I am 77 and my prospective UNC/Chapel Hill surgeon said I'd likely spend 5-7 days in hospital and then he would probably have me go to a rehab/care facility for a while. It's about 250 miles from home so travel and cost for one or two family members to stay nearby are considerations.

This would be my second OHR. First was in 2005 for VR plus AAA. Have a Medtronic combined root/valve. In 2009, (10 years ago) local cardio alarm bells rang when CT showed 5.1 aortic diameter, but original surgeon convinced them that was pretty much normal for me.(I am a pretty hefty guy.) In March this year, a new CT put it at 5.3 -- not a huge increase over a decade. I had an initial consultation at UNC and the surgeon who looked at a CD of the CT said he measured 5.5. So we were on verge of pre-op testing when I proposed we do follow-up imaging in 3 to 6 months to try to see if there really is a growth trend. So that's where it stands now. Surgery still probable but I'm hoping it stabilizes at 5.3, or even back at 5.1 in case it was a measurement error.

Sorry. Missed some of your questions.

I was in hospital 7 days, I was supposed to be out in 4, but my INR would not budge for days so they had me on a Heparin drip. I had planned on up to 7 days so my surgery was on a Thursday and I was out following Thursday. I had booked my return flight for Sunday so had plenty of time. I arrived the Sunday before as they had 3 days or pre appointments set up, day 1 was blood, x-ray, pulmonary test, echo of heart and then echo or carotid artery. Day 2 was cath, day 3 was anesthesia clearance meeting and then meeting with surgeon and admittance paperwork. Those 3 days were outpatient. Day 4 was 5:30am check in for surgery.


Overall I was in Cleveland for 15 nights and stayed at Residence Inn Downtown, ran me about $2600 for hotel. We ditched car after day 1 as hotel wanted $36 a day for parking and hospital was $10. Cost us less than $40 a day in Lyft and Uber.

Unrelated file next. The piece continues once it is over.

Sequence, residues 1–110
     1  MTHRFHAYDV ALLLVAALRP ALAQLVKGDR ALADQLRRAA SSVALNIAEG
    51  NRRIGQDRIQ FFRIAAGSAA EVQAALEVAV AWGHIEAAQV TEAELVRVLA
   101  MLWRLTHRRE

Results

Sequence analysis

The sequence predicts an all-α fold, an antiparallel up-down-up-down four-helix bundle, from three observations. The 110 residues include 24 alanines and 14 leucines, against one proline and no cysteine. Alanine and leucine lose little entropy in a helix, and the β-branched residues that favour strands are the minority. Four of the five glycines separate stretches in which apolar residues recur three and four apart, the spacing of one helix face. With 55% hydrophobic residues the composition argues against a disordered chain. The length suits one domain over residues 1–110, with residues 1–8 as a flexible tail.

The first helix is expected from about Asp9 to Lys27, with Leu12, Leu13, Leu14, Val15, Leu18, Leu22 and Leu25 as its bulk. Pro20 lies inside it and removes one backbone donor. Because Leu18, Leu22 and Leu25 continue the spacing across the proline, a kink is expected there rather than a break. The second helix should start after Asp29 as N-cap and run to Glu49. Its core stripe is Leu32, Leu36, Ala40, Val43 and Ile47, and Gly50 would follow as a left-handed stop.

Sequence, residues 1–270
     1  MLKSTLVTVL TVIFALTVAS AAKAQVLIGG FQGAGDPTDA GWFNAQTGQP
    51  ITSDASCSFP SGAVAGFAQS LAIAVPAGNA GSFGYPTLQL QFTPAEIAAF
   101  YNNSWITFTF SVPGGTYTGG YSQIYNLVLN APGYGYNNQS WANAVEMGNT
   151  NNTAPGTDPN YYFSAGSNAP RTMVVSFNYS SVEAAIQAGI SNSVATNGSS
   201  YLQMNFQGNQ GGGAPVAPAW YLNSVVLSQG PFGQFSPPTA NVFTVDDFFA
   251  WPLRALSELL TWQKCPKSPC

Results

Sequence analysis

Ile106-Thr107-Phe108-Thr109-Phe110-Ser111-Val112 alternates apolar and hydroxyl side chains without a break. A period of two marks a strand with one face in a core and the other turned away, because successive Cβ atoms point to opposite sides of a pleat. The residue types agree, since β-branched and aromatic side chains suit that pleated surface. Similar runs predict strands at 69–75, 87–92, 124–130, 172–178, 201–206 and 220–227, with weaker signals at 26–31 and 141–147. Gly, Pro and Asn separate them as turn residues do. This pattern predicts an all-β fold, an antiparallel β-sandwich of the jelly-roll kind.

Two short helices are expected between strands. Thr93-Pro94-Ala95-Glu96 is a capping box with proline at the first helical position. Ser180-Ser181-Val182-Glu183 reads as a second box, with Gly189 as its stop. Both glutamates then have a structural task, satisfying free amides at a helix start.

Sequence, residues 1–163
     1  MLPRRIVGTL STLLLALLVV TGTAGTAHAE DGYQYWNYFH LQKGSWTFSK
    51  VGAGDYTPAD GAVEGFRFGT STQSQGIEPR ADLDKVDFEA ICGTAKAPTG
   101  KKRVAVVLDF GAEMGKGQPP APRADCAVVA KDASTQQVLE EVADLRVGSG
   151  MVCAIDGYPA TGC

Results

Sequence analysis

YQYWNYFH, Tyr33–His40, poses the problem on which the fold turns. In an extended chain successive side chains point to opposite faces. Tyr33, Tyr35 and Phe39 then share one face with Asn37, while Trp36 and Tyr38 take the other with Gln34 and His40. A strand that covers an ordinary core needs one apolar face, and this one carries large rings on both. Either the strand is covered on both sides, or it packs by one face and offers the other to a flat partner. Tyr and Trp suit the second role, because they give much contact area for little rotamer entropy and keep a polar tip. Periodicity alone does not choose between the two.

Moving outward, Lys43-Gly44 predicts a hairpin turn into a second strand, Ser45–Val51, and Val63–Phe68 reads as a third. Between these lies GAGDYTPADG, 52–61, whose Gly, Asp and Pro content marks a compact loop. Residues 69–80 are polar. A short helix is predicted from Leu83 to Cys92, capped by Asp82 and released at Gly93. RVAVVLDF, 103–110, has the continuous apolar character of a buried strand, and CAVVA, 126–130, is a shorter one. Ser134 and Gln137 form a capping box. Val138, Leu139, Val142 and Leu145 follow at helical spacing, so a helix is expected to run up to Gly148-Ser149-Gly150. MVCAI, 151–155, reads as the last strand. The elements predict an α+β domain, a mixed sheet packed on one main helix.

As for cardiac rehab they tell you to get your cardiologist to arrange that at 6 weeks, which will be 10 more days for me. Also I am skeptical of rehab as once they explain what I need to do I can do most of it in my basement as I have some exercise gear. I don’t plan on going to them more than once or twice.

As for travel home, we flew. They ask that you wear compression socks, which my wife ordered me a few pair ahead of time as the hospital ones are bright white. We ordered wheelchair on both ends which helped, but don’t get me started on the Atlanta airport.

I am 58 healthy and up to date of surgery was exercising and eating well. Day after surgery I was packing in the protein drinks to give my body energy to heal. As soon as they got me up walking I was walking as much as possible. Some days we did 1.5-1.75 miles in laps around the halls. I was determined to minimize pain meds.

24 hours after surgery in ICU when my wife showed up I was “where is my phone I need to catch up on work emails” and 2 days later had my laptop out working 6 hours a day from the room and on con calls. I believe that helped as I was focused rather than dwelling on my recovery.

I can’t am writing up a mini-blog to share my story, but realize I am not the norm and that many have tougher time. What I hope is to educate people on my choices and how I got there as well as my r covers which I am fortunate has been great. At t weeks my biggest concern is upper sternum still feels more sensitive than I expect and I heard a pop that I am not sure was rib or sternum.

The good news is I jumped right on Cleveland Clinic nurse chat mentioned it and they suggested I go get it looked at to be safe. They have a 24 hour nurse line and then chat as well during business hours.
 

bizinsider

Member
Joined
Jun 27, 2016
Messages
12
Location